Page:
CANFIELD SCHOOLS Volunteer baseball coach is out
The decision not to bring back Pitzulo was based on complaints from parents, the superintendent said.
By IAN HILL
VINDICATOR STAFF WRITER
CANFIELD -- Martha Zarlenga said she wants to do what's best for the students in the Canfield school district.
At a Canfield school board meeting Wednesday night, she and three other board members decided to retain a baseball coaching staff minus Sam Pitzulo.
"All the children of the Canfield school district are our first priority," said Zarlenga, board president.
However, some former and current Canfield baseball players said that if the board truly wanted to do what's best for the students, it would have brought Pitzulo back next spring. He had been junior varsity coach at Canfield High School.
"If they're making decisions in the best interests of the kids, then they made the wrong one," said Mike Keating, 18. Keating graduated this spring from Canfield High School, where he had played under Pitzulo as a sophomore.
Pitzulo had volunteered as junior varsity coach for the past five years. Anne Davis was the only board member to vote against hiring the staff that did not include Pitzulo.
About 60 people attended Wednesday night's meeting.
Rehired: The board voted to rehire Todd Thorne, Brian Finnigan, Alan Thorne, Dave Arnold and Ed DeAngelo to be baseball coaches next spring. All were on the staff last year.
Tony Ross had been hired as varsity coach at the board's June meeting.
Canfield Superintendent Douglas Hiscox said Todd Thorne most likely will serve as junior varsity coach next year.
The varsity coach will be paid $3,832, while the junior varsity coach will receive $2,737 and the freshman coach will be paid $2,464.
Pitzulo, a self-employed businessman, said he won't take legal action against the board in an attempt to get his job back. Yet he added that he does plan on coaching baseball again.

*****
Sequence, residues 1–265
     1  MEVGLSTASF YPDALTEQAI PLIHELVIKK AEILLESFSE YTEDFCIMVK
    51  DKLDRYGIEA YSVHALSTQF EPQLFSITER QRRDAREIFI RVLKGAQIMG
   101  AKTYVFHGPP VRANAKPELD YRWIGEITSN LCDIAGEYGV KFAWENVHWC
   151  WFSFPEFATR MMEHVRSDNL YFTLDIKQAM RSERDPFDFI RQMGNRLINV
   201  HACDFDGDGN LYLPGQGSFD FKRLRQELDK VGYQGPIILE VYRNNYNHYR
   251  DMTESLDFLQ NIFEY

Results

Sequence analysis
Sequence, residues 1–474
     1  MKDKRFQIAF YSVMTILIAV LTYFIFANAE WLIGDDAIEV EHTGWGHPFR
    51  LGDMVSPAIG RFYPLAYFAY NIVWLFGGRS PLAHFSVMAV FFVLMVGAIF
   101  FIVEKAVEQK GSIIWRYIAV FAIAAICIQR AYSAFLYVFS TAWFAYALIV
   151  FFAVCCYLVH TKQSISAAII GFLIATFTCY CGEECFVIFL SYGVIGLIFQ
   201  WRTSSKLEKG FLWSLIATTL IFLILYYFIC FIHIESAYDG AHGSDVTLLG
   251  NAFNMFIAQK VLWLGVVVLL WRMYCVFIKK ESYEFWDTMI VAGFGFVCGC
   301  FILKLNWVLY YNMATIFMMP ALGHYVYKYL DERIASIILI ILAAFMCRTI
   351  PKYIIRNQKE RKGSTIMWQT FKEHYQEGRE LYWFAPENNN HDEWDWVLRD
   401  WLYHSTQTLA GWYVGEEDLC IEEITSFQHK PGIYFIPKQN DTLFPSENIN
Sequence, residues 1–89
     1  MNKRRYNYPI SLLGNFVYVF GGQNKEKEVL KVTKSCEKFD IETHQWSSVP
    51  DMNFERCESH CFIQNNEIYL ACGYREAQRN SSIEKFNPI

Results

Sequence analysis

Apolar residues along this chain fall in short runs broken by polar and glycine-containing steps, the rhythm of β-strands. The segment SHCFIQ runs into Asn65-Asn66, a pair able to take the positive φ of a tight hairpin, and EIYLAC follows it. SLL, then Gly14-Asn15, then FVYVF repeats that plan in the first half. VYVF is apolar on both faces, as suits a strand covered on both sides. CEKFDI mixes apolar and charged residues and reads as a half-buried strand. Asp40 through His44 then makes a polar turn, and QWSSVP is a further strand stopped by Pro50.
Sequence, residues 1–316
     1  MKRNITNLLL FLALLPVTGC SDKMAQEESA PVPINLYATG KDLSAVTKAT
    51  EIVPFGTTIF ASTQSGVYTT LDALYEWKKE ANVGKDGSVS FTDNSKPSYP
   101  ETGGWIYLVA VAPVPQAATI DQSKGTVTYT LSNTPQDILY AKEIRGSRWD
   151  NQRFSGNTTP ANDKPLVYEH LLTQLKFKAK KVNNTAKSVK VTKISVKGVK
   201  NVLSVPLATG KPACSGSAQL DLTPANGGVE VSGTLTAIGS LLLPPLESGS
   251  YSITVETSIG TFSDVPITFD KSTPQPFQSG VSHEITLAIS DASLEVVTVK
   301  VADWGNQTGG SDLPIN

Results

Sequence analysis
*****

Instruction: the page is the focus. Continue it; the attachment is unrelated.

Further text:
Reason for decision: Hiscox said the decision not to hire Pitzulo was made in response to complaints the board received from some parents. Those parents felt they couldn't talk to Pitzulo about the team, Hiscox said.
He said he did not want to hire a staff that would be bogged down by the controversy caused by the complaints.
Pitzulo said Wednesday that he adhered to a Canfield school board policy stating that parents are prohibited from talking to coaches about playing time for their children. However, Hiscox said the complaints weren't necessarily about playing time.
He did not go into detail.
Wednesday's meeting was marked by arguments between board members and outspoken adults who criticized the board's actions. Many of the adults at the meeting expressed anger at the board for not publicly discussing the selection of the baseball staff in the past.
The board talked about Pitzulo during an hourlong executive session at its June meeting.
"We do not talk employee stuff at public meetings," Zarlenga said. "That's for [the employees'] protection."
Upset: Dan Zapko, 18, said the board's decision Wednesday made him "ashamed to go to Canfield." Zapko played for Pitzulo for a year. He graduated in June.
Josh Dripps, 17, said, "It's not like [Pitzulo] didn't try to make people happy." Dripps played junior varsity last year and will be a senior at Canfield next year.
He said Pitzulo took his players out for pizza after every game and paid for it out of his own pocket.
Dripps said he thinks the board made its decision at the behest of a few parents who were upset because their children did not get more playing time. However, Hiscox stressed the board's decision was not made for a few parents.
Some parents at the meeting also criticized the media for its coverage of the decision not to hire Pitzulo. Joe Stephens, a Canfield resident who attended Wednesday's meeting and supported the board's decision, said the controversy surrounding Pitzulo has "gotten out of control."
"This is a wonderful school system," Stephens said. "All this negative press is disconcerting."